A Trump Super PAC that says it built a list of 3 to 5 million active supporters during the 2016 election using tactics including direct response 1-800 number TV ads has spent around $175,000 this month alone to keep the pro-Trump momentum rolling. Post-inauguration, Great America PAC has been serving up Facebook and radio ads encouraging people to call their senators to support President Trump, his agenda, and his nominees, including Neil Gorsuch, his pick for Supreme Court Justice.
The group, which spent $100,000 earlier this month with Republican digital ad firm Campaign Solutions, is running ads on Facebook promoting key initiatives promised by the president while on the campaign trail: the building of a U.S.-Mexico border wall and the repeal of Obamacare. The ads coax people to call their senators in support of the policies.
"President Trump needs your help. In order to Make America Great Again, he needs a cabinet," state the Facebook ads, which have pushed people to call their senators to support recently-confirmed Secretary of Education Betsy DeVos and Attorney General Jeff Sessions. "Call your Senator today and DEMAND they support President Trump's cabinet appointees! Click to find out your Senator's phone number."
The ads lead to a page that, if viewed on a mobile device, allow people to click to call their senators after submitting their state of residence. The PAC also asks for an email address as a means of gathering more contact information from people who appear to be supporters of the president's initiatives.
Convincing people to pick up the phone and voice their opinion to a congressional staffer rather than sign an online petition or send an email via a web form appears to be a growing trend among PACs and advocacy groups. It's no secret that legislators have become so accustomed to online petitions and emails from constituents that the potency of these modes of communications has been diluted over time.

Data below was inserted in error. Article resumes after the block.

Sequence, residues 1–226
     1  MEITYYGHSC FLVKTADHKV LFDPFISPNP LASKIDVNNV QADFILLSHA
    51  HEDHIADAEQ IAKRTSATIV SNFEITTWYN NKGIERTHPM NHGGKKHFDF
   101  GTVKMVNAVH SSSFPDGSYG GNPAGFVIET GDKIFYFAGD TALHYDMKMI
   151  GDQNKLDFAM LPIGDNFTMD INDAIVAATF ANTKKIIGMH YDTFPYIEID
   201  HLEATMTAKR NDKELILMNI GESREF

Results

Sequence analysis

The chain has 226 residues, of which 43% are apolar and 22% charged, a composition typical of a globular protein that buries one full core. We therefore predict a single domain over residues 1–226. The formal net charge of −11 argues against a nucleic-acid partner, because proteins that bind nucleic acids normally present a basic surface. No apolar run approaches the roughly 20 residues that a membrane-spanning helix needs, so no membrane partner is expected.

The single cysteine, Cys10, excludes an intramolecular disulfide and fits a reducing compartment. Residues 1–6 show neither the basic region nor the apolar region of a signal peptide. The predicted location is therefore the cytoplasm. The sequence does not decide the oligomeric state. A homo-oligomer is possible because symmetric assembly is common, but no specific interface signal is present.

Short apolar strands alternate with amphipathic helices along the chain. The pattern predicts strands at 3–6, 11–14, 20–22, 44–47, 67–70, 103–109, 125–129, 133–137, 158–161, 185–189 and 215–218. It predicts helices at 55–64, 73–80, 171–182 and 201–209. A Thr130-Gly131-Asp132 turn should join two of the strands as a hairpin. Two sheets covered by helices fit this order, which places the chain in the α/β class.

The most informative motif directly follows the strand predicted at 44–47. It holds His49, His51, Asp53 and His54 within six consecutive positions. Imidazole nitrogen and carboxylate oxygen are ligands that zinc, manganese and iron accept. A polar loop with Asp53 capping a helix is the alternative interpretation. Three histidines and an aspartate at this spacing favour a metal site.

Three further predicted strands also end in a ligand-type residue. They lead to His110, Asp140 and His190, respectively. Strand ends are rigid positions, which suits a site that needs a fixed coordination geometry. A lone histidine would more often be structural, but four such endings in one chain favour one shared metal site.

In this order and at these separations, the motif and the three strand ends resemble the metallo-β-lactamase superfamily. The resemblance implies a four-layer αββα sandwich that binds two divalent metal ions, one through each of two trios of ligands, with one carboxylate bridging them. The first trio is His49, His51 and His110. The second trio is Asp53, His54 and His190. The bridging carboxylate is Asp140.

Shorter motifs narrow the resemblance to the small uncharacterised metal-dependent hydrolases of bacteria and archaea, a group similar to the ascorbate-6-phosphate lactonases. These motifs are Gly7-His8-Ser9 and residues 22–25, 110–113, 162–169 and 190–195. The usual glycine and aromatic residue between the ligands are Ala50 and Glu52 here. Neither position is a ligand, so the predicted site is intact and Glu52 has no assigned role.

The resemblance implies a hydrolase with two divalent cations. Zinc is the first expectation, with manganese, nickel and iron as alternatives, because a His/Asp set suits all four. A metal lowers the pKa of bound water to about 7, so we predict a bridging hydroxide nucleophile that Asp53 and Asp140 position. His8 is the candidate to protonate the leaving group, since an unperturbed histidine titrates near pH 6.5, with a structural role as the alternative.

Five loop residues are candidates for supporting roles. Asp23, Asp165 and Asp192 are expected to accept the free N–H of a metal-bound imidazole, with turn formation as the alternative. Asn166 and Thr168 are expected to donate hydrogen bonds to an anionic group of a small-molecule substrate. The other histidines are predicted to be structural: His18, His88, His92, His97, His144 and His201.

"Our representatives in government need to learn how to be responsive to the governed," said Dan Backer, general counsel and treasurer of Great America PAC. "We have to bust through the data-management dynamic that has developed of just counting the number of messages received while ignoring the message being delivered."
Now that so many people have a phone in their hands, pockets or bags at all times, they arguably are more likely to make a call and tell someone what they think, which can have far more impact than an opinion expressed virtually. Another pro-Trump group, 45Committee, ran TV ads in January prompting people to call their senators in support of Jeff Sessions, the Republican senator from Alabama who was recently confirmed as the U.S. attorney general.
As part of a test, Great America PAC spent $30,000 this month for radio ads with Talk Media Network, which produces niche shows such as "Watchdog on Wall Street with Chris Markowski" and "House of Cards Radio," a gaming entertainment program. The ads suggest listeners call their senators in favor of the Trump administration's Supreme Court nominee.
"On the first day of testing radio, we drove just under 1,000 calls to the Senate in support of confirming Judge Gorsuch," said Mr. Backer. The calls can be tracked because the ads include a unique phone number.
While the shows aren't exactly household names, he said the organization is focused on driving advocacy at the lowest cost per contact, so whether the programs are well-known or not is irrelevant.
According to Mr. Backer, who is also a principal attorney at campaign finance and political law firm Politcal.law, formerly called DB Capitol Strategies, his goal is to answer the question, "How do we drive the most cost effective call to the Senate to provide the greatest amount of advocacy?"
Throughout the 2016 election cycle, Great America PAC ran ads featuring 1-800 numbers that were intended to entice people who rarely engage in the political process to call and "pledge" their support for then-candidate Trump, then donate money. The group used the tactic to help build its database of supporters it can now send direct mail and other communications to.
"The political class that couldn't see the Trump wave also tends to look down their nose at directly engaging voters," said Mr. Backer, regarding the use of the unusual 1-800 number ad approach.
The focus by pro-Trump groups, the Republican party and the Trump campaign itself on reaching low-propensity voters rather than just the Republican base proved instrumental to low-margin wins over Hillary Clinton in key states such as Michigan and Wisconsin.